While attempting to analyze error incurred in certain optics experiments, I am only able to make statements about the standard deviation of a suitable distance measure between the actual and expected outcomes.

I understand that the standard deviation is not always a good measure of error, for example in the case of a bi-modal distribution. Numerics show that the distribution of the expected outcomes is uni-modal, but is this 'knowledge' enough to ensure that the standard deviation is the right quantity to look at?

Is there a set of conditions that insure that the standard deviation a good measure of the 'error' of a distribution?


I would say the sd is a measure of 'spread' rather than 'error'.

One way of thinking of when the sd is appropriate is "If the mean is a good measure of central tendency, the sd is often a good measure of spread". Other things that can make the sd not so good:

Skewness. For a skewed distribution we tend to use the median; where we use the median, often the interquartile range is a good measure of spread.

Rates: The arithmetic mean is not a good way of averaging rates, because it also depends on the length of time at each rate. Here you want the harmonic mean. I am not sure what measure is best for spread of rates.

Different scales: If you are trying to combine numbers that are on different scales, the mean is not good. Consider a college admissions office that wants to combine math SAT score (0 to 800), verbal SAT (ditto), GPA (0-4) and a rating of the college essay (0-10). Then the arithmetic mean would weight SAT score and you want the geometric mean. Here, you could get a measure of spread by standardizing the variables.

  • $\begingroup$ Thanks! That's useful language to think in terms of. So, for a distribution that is not skewed, and uni-modal, is it reasonable to state that the standard deviation is a good measure of the spread of the distribution? $\endgroup$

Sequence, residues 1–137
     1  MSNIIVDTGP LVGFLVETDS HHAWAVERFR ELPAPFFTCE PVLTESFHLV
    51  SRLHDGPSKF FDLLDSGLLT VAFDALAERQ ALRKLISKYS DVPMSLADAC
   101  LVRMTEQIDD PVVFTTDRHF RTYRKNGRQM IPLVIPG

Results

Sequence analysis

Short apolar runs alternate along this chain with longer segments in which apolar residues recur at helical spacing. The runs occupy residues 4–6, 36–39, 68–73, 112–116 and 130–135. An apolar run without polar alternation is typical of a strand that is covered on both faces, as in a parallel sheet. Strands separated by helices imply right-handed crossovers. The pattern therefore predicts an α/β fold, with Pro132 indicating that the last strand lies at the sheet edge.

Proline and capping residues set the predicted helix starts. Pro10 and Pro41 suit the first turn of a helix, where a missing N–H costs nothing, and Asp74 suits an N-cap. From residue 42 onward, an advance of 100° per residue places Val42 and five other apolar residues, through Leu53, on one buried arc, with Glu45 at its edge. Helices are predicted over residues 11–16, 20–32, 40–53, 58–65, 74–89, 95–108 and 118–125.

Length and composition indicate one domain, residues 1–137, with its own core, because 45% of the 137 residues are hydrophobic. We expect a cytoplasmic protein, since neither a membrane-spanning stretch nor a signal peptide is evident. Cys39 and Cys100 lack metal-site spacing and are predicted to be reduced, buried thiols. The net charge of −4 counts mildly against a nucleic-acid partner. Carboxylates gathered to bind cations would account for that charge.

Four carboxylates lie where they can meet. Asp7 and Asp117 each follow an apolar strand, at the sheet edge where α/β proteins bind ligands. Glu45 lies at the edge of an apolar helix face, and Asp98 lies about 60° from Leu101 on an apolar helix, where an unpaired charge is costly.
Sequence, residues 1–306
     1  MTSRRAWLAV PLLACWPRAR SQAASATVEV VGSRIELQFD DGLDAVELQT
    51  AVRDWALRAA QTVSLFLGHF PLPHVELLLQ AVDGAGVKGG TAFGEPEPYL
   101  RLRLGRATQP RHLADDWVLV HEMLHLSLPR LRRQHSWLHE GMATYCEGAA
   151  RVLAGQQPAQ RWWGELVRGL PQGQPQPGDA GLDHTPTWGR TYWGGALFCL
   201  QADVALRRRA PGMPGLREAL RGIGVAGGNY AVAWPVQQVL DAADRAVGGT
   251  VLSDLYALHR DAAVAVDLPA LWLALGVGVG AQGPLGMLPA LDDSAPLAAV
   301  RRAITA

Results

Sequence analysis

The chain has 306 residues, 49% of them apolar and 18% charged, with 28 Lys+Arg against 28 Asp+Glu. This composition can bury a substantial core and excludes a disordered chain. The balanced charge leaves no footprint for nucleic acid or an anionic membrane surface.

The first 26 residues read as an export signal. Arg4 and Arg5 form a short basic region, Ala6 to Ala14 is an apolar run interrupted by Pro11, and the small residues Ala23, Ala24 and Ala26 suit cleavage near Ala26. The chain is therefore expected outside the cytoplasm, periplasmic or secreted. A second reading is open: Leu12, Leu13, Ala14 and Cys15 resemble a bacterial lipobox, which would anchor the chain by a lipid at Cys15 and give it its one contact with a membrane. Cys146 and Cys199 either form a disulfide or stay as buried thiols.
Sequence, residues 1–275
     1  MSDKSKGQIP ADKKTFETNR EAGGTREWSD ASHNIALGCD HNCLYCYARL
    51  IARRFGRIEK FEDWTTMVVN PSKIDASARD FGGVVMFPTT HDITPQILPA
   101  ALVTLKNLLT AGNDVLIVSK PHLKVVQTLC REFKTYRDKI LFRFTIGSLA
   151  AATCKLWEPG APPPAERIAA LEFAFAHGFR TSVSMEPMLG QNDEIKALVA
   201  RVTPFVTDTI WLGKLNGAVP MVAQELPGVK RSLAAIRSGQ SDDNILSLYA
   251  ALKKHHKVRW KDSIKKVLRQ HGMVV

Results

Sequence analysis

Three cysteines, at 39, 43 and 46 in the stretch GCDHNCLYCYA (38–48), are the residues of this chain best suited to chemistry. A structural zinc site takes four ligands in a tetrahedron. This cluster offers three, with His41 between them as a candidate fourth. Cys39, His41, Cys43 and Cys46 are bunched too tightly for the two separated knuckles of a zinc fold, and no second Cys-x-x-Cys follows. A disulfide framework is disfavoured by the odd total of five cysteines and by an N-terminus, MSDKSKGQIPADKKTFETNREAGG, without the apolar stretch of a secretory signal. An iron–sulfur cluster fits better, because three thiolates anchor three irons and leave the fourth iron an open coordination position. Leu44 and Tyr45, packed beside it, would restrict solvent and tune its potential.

– user30512
    Oct 1 '13 at 11:14
  • $\begingroup$ Right now I can't think of a case of a unimodal symmetric distribution where sd isn't at least reasonable. But there may be one. $\endgroup$
    – Peter Flom
    Oct 1 '13 at 11:15
  • 4
    $\begingroup$ @PeterFlom There are an infinite number of symmetric unimodal examples where s.d. is not a good measure of spread. An obvious example would be a t distribution with two degrees of freedom. The mean exists, but standard deviation is pretty useless -- the population s.d. doesn't even exist. $\endgroup$
    – Glen_b
    Oct 1 '13 at 14:06
  • $\begingroup$ Thanks @Glen_b. Do you think is the standard deviation a reasonable measure of the spread of a distribution if the higher moments are bounded? $\endgroup$
    – user30512
    Oct 14 '13 at 15:45
  • $\begingroup$ @Curious If the population standard deviation exists and the sample standard deviation itself has a finite variance, then in many situations it can be a reasonable(/good) measure of spread - but then ultimately it really depends on what aspects of spread you're interested in measuring. $\endgroup$
    – Glen_b
    Oct 14 '13 at 20:25

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